Fasting and food

Fasting is universal among spiritual traditions and among those who pursue alternative ways of increasing or sustaining health. As with all practices, fasting has its own dharma, its own rules and ways. Fasting is never to be pursued for its own sake, and never out of a psychological motive like self-punishment or depression. Done correctly, fasting is merely the accentuation of a style of eating, a matter of degrees rather than of quantity. Eastern traditions recommend that one stop eating about two-thirds of the way towards fullness, that one chew carefully and thoroughly to be present with the food in order to appreciate how little is needed after all. To many, this practice itself is fasting, but to the sages this practice is a spectrum or continuity.

Though ostensibly an opposition to gluttony and excess, fasting may have originated from necessity. Ancient peoples — and many in the world today — simply had little to eat and reconciled themselves to this poverty. Those who suffer hunger usually do not want to enshrine hunger as a religious practice. But a relationship with one’s environment rather than a relationship with what is stocked in a store is how peoples have always eaten, and one’s environment does not give excess. Excess is a misunderstanding of nature’s cycles. Hence the European saying, “Feast today, famine tomorrow.” Fasting may better be put in terms of enduring hunger when bad times come, not a pursued desire or practice in itself but an inevitable tolerance of life’s vicissitudes.

Gluttony is not the providence of suffering, however. The wealthy — and the relatively wealthy as defined today makes nearly anyone in modern industrial society “wealthy” — pursue gluttony as pleasure, status, or compulsion. The active philosophizing about food as epicurean or gourmet products of art and sensuality is a sophisticated counterpart to the average person’s rhapsody about junk food. The animal instinct of eating when food is available because food might not be available some day, is perverted in human beings who today have food readily at hand. People gorge as if compelled by the instinct-driven animal, but, of course, the motive is not the same.

Furthermore, modern captains of industry recognize gluttony as a market. Producers of food and its junk equivalents manufacture, process, adulterate, and popularize their products in order to take advantage of the breakdown in cultural and ethnic norms of eating, of food as expression of the earth and land, as the bounty of work and harvest. Today, food satisfies both instinct and vice.

The many voices challenging the flippant view of food as pleasure notice the mechanics of food production and object to the dehumanization of industrial production. This exposition is welcome, but insufficient. The root psychology of food is more difficult to define. The popular tastes that elicit instinct, namely sugars, fats, salts, have their psychological counterparts, as the Ayurvedic doshas recognize, and traditional diets of the East refine. Western diets, based on ancestral and environmental factors, have remained place-bound, unmoving, and bound to instinct. Even those who want to make the Western diet healthy merely try to localize it, which is the original justification for such a diet, after all, and does not move the issue forward.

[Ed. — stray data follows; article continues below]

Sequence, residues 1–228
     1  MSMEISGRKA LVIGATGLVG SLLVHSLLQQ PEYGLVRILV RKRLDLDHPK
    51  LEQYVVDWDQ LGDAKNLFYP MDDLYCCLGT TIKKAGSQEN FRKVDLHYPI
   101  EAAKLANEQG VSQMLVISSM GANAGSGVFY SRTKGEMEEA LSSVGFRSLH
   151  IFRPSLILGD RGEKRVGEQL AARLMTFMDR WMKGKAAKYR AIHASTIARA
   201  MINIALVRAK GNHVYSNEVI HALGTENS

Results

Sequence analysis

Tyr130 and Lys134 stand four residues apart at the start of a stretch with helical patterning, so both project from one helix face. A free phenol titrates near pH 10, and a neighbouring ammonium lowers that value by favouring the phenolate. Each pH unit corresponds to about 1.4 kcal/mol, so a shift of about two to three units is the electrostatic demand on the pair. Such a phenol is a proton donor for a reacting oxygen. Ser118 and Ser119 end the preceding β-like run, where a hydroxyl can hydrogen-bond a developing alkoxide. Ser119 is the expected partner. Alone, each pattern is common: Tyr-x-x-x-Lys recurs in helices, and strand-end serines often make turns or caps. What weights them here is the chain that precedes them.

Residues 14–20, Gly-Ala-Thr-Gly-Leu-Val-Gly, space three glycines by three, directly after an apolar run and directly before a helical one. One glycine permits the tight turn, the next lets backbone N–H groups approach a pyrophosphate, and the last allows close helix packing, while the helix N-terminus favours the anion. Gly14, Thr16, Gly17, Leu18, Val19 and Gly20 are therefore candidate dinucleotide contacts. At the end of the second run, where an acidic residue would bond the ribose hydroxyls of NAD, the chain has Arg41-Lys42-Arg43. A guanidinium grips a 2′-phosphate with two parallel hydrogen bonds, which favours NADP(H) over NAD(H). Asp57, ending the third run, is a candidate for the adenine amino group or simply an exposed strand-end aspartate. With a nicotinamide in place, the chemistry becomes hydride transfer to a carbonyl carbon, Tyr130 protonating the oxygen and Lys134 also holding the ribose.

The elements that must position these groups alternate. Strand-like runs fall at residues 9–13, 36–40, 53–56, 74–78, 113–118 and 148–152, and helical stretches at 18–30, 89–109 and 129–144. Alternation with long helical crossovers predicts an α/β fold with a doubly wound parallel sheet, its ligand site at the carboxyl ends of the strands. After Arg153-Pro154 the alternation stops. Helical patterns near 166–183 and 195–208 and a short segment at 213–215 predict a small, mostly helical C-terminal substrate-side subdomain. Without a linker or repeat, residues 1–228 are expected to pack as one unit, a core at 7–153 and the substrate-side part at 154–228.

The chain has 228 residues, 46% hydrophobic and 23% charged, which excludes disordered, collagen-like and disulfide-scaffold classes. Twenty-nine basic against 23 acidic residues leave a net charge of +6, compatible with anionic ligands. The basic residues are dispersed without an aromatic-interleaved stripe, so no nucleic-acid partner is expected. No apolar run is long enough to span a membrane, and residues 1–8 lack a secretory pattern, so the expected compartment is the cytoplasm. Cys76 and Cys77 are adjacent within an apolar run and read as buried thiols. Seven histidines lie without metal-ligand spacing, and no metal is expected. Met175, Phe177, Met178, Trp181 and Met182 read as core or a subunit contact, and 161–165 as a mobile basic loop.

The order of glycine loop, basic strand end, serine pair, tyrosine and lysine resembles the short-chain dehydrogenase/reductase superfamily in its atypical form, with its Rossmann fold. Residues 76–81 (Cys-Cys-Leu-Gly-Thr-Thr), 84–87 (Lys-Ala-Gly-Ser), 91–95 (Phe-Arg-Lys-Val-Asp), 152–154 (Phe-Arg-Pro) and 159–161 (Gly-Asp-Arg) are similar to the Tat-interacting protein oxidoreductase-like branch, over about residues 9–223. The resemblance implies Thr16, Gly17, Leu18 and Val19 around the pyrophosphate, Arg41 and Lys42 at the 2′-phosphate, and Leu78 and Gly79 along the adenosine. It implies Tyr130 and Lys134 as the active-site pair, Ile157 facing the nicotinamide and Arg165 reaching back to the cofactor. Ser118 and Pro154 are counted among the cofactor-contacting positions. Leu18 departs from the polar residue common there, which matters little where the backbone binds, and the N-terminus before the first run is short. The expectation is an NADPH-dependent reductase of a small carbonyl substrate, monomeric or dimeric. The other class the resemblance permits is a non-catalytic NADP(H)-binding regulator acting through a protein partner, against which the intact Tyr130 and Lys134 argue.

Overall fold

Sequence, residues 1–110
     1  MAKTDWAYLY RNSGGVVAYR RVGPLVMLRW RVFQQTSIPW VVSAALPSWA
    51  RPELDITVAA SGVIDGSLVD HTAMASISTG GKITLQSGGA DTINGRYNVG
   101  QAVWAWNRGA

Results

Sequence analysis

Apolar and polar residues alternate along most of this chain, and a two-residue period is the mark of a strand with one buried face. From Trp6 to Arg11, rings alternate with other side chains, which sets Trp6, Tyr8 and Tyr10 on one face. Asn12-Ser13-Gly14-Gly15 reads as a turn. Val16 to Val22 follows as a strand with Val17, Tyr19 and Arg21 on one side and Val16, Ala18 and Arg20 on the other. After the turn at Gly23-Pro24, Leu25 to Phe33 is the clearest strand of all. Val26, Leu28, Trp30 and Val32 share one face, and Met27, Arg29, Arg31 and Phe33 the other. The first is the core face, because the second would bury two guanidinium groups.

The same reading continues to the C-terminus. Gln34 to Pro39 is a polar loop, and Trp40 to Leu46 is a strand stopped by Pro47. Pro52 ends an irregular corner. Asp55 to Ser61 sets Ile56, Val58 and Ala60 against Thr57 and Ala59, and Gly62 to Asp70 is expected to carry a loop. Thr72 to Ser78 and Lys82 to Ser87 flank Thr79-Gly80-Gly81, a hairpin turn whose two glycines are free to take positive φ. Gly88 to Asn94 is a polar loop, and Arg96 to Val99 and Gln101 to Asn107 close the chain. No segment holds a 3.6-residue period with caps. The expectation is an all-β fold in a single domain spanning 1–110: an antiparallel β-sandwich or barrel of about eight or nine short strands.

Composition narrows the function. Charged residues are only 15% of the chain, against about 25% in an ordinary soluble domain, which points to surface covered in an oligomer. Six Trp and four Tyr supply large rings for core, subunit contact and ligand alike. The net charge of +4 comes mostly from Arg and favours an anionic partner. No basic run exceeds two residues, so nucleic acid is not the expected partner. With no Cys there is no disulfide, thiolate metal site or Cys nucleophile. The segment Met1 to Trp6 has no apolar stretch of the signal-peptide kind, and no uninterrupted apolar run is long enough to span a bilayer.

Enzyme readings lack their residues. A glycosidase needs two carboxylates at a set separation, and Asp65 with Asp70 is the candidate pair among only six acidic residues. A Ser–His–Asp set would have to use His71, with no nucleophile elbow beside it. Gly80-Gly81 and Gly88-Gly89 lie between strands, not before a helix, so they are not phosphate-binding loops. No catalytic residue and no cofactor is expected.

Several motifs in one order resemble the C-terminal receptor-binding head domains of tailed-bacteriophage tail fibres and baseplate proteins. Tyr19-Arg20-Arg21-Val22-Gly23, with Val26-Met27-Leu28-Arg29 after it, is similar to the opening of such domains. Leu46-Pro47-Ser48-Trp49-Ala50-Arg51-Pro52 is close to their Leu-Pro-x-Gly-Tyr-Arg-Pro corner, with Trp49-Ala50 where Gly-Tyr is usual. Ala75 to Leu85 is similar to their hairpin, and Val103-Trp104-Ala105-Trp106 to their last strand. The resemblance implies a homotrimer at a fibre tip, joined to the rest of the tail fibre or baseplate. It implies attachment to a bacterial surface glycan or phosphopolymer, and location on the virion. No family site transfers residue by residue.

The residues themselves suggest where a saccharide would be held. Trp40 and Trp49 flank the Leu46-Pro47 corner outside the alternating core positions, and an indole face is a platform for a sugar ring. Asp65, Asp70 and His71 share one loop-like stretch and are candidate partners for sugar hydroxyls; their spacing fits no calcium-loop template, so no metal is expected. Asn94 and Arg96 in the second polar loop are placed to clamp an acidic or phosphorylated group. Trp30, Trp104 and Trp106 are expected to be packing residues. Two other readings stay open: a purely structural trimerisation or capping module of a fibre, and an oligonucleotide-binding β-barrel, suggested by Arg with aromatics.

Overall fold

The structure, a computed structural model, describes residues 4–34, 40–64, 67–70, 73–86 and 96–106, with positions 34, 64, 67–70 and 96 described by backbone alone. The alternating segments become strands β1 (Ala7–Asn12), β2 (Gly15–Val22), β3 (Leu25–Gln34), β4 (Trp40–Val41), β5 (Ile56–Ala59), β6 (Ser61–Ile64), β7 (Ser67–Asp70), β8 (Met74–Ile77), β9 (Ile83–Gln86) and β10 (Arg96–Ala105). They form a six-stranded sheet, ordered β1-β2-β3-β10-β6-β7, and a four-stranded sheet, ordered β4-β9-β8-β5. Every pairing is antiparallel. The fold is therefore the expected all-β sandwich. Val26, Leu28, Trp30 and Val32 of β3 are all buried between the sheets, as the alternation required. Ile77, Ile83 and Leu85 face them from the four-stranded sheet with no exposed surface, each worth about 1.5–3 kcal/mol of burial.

Fasting may break the stronghold of instinct, for it makes eating conscious and addresses instinct and physiology. As religious practice, fasting probably arose as a natural remedy for physical ailment. Fasting only became ritualized within a given culture with the recognition of food’s power over the self. Thus did fasting become a universal method of successfully addressing excess, first of body, then of spirit, for fasting is a physical version of meditation. Fasting selects, apportions, discriminates, empties, and accepts. It is a method finding consensus among all traditions.

Many sages have written about fasting, and the consensus means that the parameters of fasting are understood. Only the varieties of methods are different, depending on the goal and the availability of types of foods, as well as the physiology and ailment addressed, if that is the purpose. Fasting has a therapeutic purpose, even in those who are not physically sick.

The circumstances of locality and environment ought to govern the parameters of eating, but no longer do in a globalized economy, where food from across the world can be bought for as little as food from nearby. Only with a conscious effort can one limit the food eaten to the locality where one lives and type of food that grows there. A correspondence exists between soil, air, water, climate, plants — and one’s physiology. So it was for centuries — centuries that produced sages in fertile regions of the world as well as inhospitable ones: India and China, the Celtic woodlands, the rocky Greek islands, the Middle Eastern deserts, the Northern forests. Perhaps localization would be necessary to ever make the correspondence between food and self truly natural. Perhaps a consciousness of where food comes from, and where we come from, would make eating and fasting an expression of right living.